'Drumquestra' (Dawn Always Comes) moves with tribal feelings, complete with bird noises. Followed nicely by 'Backyard Business' - featuring Bongo Shem and the New Creators, McDonald nails what we hoped was coming. An out-there, try anything attitude involving jazz roots. The album concludes with a history lesson and encourages us to research the true history what we are always told is an American art form. 'Got Jazz?' gets going with a scat and references Thelonious Monk in the midst of a rant about the origins of jazz in Jamaica. 'Jamaican Jazz Roll Call' is a guide for those who may only be familiar with Ernest Ranglin and Monty Alexander.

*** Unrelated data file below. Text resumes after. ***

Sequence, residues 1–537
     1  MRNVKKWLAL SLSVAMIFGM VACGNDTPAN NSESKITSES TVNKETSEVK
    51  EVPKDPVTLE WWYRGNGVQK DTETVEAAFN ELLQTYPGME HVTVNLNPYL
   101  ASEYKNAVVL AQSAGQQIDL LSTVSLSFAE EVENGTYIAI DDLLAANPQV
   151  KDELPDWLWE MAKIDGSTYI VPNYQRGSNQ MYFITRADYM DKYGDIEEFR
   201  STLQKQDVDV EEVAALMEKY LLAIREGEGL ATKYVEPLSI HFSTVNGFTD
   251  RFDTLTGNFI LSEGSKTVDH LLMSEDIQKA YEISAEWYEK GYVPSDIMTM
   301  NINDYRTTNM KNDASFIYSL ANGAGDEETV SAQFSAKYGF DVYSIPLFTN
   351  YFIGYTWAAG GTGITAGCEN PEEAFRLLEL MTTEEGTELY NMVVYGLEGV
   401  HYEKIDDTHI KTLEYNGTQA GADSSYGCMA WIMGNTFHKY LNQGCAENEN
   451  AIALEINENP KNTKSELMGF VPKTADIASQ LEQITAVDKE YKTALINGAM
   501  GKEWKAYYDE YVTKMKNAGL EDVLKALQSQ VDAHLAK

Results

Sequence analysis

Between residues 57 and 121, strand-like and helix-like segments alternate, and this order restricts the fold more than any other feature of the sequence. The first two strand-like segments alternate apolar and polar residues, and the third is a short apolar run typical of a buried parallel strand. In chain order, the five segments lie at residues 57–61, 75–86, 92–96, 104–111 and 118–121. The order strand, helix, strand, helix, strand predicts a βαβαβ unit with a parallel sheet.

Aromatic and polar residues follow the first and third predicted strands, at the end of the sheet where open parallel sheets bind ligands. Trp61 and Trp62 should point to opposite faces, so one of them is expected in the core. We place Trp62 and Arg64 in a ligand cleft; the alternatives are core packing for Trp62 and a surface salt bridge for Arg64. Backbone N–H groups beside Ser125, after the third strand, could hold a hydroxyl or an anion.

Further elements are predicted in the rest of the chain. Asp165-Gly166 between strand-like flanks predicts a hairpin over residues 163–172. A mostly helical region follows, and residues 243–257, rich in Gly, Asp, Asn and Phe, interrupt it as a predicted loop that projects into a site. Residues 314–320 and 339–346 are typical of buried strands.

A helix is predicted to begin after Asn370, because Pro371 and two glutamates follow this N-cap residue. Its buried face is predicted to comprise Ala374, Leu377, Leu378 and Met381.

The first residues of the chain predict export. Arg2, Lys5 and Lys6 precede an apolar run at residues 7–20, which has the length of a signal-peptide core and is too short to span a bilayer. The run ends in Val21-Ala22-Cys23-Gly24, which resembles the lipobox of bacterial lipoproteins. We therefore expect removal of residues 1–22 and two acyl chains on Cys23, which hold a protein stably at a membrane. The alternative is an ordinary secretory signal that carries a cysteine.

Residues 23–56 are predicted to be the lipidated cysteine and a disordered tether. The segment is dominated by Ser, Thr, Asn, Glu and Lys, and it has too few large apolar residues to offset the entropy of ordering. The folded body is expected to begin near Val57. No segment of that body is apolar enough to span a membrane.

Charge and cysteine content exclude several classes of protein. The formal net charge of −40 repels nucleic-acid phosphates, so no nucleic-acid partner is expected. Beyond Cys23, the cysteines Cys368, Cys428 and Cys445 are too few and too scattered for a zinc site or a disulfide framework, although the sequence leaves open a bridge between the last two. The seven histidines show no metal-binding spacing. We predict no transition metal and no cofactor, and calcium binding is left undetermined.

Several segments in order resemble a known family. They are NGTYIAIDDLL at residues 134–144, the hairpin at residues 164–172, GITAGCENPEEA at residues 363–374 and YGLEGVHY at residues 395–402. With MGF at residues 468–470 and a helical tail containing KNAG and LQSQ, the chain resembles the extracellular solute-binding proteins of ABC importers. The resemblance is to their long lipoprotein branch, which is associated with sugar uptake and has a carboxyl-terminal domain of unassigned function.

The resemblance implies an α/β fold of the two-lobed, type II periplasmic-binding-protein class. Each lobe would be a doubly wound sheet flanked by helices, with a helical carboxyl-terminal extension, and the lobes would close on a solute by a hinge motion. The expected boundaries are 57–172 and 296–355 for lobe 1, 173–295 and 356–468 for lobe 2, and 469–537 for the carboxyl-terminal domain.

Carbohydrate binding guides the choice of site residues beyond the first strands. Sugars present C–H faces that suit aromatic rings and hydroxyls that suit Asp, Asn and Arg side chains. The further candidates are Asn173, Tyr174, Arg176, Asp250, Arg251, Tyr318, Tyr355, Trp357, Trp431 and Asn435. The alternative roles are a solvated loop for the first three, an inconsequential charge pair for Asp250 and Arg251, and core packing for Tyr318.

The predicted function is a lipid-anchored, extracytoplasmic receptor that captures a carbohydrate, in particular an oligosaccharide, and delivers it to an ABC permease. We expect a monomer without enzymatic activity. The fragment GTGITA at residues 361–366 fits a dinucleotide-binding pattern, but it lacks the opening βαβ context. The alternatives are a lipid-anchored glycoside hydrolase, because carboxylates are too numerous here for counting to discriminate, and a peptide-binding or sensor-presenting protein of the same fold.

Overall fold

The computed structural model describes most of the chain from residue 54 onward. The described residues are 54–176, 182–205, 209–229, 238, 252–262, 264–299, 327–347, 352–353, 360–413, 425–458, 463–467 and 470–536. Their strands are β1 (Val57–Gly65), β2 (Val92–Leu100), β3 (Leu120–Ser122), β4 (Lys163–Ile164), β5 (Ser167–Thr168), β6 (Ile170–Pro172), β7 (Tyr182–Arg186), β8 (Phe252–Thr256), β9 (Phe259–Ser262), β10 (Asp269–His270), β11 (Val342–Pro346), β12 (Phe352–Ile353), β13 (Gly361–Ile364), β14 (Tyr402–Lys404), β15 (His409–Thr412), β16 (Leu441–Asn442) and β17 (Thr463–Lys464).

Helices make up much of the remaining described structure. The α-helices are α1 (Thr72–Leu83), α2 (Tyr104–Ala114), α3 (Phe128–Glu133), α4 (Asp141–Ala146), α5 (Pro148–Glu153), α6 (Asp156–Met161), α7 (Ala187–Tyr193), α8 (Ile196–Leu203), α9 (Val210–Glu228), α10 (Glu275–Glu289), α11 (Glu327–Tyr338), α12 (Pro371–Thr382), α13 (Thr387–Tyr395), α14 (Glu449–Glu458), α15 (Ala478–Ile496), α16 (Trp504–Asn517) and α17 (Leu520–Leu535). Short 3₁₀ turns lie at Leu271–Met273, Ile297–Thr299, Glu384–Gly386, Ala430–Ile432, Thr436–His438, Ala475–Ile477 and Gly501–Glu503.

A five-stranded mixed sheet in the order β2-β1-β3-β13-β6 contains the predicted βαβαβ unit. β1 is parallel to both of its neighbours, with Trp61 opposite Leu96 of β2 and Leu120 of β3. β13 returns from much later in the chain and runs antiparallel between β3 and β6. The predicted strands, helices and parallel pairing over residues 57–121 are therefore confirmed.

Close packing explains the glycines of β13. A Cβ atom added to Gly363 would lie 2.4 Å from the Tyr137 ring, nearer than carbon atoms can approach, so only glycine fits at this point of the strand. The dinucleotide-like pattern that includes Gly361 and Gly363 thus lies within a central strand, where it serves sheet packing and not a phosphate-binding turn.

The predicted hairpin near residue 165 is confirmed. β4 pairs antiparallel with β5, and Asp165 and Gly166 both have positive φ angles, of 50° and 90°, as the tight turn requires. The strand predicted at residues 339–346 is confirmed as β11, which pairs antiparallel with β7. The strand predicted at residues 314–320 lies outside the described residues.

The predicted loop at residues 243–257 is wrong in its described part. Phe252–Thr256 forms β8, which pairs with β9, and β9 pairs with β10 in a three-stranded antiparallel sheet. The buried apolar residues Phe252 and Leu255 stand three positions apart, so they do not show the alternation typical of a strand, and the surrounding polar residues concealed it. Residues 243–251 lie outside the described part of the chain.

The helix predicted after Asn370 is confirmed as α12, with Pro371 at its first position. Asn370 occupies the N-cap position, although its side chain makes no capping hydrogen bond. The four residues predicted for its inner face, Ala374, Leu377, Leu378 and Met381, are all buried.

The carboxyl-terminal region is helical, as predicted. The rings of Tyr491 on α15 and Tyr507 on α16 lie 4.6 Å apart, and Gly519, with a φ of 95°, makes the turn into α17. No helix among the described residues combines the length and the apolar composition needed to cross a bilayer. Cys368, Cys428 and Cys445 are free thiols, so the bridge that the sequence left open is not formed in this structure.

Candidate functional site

Thursday, February 5, 2009
Gene Lees captures the life of this jazz legend through intimate, personal stories from the road as well as amazing accounts from Peterson's family in The Will to Swing.
A writer with real world jazz experience, Lees is a former editor of Downbeat magazine and he is also the author of biographies about Woody Herman and Artie Shaw.
Everything from Peterson's early days, when folks like Dizzy Gillespie were coming to Canada to see him perform, is out in the open in this book.
Oscar's long-time friend and manager Norman Granz is likely the most mentioned person throughout these pages and their relationship became crucial to his early recording and touring success. In 1961, Granz sold his Verve Records company to MGM. The deal included the contracts of many other jazz great he produced, including Ella Fitzgerald, Gene Krupa, Roy Eldridge, Dizzy and others.
Stories of racism seem to follow Oscar everywhere. From touring Russia to his own yard in Mississauga, he faced challenges and was not one to back down.
There is even a mention of a near controntation with Charles Mingus. Now, there's a heavyweight match-up.